quinta-feira, 22 de agosto de 2013

The delicate balance between challenges, narrative and rules

At this moment I’m playing again ALAN WAKE (Xbox 360, Remedy Entertainment /Microsoft Game Studios, 2010). The game is a third person psychological horror thriller about novelist Alan Wake, as he tries to uncover the mystery behind his wife's disappearance, during a vacation in the small fictional town of Bright Falls. During the game, Alan is transported to a kind of dark dimension where stories from his horror books become real.

The game is one of my favourites and it offers an awesome experience to the player with a perfect blend between the puzzles/challenges/enemies, the narrative and the rules/mechanics.

In ALAN WAKE the ammo is limited, the creatures are in great number and, frequently, you need to run instead of fight. The game dynamics creates an atmosphere of tension all the time and in the end of each chapter you can relax a little bit enjoying the game's good soundtrack (‘Up Jumped the Devil’ by Nick Cave and the Bad Seeds is included). The transition between the chapters is very creative and uses a language of TV show to create immersion for the player.

ALAN WAKE’s experience offers to the players a very special way to enjoy a good narrative inside a game. But it is important to remember that this experience is commanded by rules that create bounds in the game’s universe.

Jesper Jull (2005, p.5), in his book ‘Half-Real’, says, “the rules of a game provide the player with challenges that the player cannot trivially overcome. It is basic paradox of games that while the rules themselves are generally definite, unambiguous, and easy to use, the enjoyment of a game depends on these easy-to-use rules presenting challenges that cannot be easily overcome. Playing a game is an activity of improving skills in order to overcome these challenges, and playing a game is therefore fundamentally a learning experience.”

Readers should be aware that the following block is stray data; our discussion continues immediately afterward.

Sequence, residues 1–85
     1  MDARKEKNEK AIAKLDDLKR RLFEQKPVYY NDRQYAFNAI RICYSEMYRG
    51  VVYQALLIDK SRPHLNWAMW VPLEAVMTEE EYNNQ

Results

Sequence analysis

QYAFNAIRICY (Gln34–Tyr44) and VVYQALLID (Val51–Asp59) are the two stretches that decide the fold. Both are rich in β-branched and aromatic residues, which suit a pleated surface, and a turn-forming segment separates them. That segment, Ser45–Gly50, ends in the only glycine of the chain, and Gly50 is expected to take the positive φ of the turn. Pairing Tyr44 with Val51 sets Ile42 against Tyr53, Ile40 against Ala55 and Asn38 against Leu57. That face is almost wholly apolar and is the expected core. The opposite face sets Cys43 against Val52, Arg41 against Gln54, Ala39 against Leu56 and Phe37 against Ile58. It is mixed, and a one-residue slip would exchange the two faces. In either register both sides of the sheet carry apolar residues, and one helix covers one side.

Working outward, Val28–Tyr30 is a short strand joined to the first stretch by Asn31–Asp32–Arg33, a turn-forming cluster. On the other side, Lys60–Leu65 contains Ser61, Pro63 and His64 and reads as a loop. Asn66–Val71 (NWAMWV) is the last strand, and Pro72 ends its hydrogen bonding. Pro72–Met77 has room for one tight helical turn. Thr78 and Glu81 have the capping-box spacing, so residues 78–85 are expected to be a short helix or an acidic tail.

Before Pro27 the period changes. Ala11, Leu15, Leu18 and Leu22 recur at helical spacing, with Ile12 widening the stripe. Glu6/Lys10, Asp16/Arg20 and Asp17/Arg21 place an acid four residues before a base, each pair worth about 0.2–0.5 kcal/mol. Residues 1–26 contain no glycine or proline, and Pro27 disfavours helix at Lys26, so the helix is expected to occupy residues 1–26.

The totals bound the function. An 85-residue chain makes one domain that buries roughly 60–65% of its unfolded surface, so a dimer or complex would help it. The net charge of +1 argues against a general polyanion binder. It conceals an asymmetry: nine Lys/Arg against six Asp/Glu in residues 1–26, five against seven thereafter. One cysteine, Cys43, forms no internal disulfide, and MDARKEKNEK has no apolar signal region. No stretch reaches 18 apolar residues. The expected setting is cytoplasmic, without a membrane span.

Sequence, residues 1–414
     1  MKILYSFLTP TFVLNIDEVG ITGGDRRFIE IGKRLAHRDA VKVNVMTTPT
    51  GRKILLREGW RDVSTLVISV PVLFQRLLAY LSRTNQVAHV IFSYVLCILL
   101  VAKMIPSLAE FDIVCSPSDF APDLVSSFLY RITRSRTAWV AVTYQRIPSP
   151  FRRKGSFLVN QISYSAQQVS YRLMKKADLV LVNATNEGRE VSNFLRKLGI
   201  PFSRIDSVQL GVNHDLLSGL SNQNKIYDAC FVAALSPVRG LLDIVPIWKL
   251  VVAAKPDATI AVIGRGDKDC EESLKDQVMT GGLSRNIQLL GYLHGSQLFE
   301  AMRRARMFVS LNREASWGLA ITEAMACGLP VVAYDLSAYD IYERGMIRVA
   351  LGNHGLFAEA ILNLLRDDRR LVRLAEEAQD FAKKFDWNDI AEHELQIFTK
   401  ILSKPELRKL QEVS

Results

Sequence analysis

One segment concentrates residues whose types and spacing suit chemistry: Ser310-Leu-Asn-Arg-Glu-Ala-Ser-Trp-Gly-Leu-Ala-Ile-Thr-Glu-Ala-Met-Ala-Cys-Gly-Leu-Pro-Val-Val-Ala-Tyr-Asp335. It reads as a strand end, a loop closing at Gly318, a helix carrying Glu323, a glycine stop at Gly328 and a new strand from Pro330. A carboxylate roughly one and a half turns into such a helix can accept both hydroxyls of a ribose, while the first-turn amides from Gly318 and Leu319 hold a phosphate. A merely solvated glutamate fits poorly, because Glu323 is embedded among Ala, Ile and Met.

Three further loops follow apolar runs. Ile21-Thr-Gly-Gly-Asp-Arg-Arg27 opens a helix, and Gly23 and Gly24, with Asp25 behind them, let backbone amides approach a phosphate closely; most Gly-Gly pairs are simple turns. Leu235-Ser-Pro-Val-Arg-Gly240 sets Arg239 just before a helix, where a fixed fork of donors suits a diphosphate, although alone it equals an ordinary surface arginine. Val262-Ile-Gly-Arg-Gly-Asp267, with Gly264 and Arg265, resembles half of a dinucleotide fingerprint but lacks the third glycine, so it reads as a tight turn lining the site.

And this ‘learning experience’ is fundamental in games like ALAN WAKE because it generates the process of immersion required in good horror stories like this one.

On the other hand, Linda Hughes (1999, p.94) says that “Game rules can be interpreted and reinterpreted toward preferred meanings and purposes, selectively invoked or ignored, challenged or defended, changed or enforced to suit the collective goals or different groups of players. In short, players can take the same game and collectively make of it strikingly different experiences”

One thing is certain: to create balance between challenges, narrative and rules, a lot of time* is necessary for beta testing sessions. Patience and deep research are the pillars for good game design.

Check the game trailer below:

*ALAN WAKE took five years to be produced.


HUGHES, Linda A. Children’s games and gaming. IN: SUTTON-SMITH, Brian; MECHLING Jay; JOHNSON, Thomas; MCMAHON, Felicia. Children’s Folklore. Utah: Utah University Press, 1999. (93-119)

JUUL, Jesper. Half-Real: Video Games between Real Rules and Fictional Worlds. USA: MIT Press, 2005.

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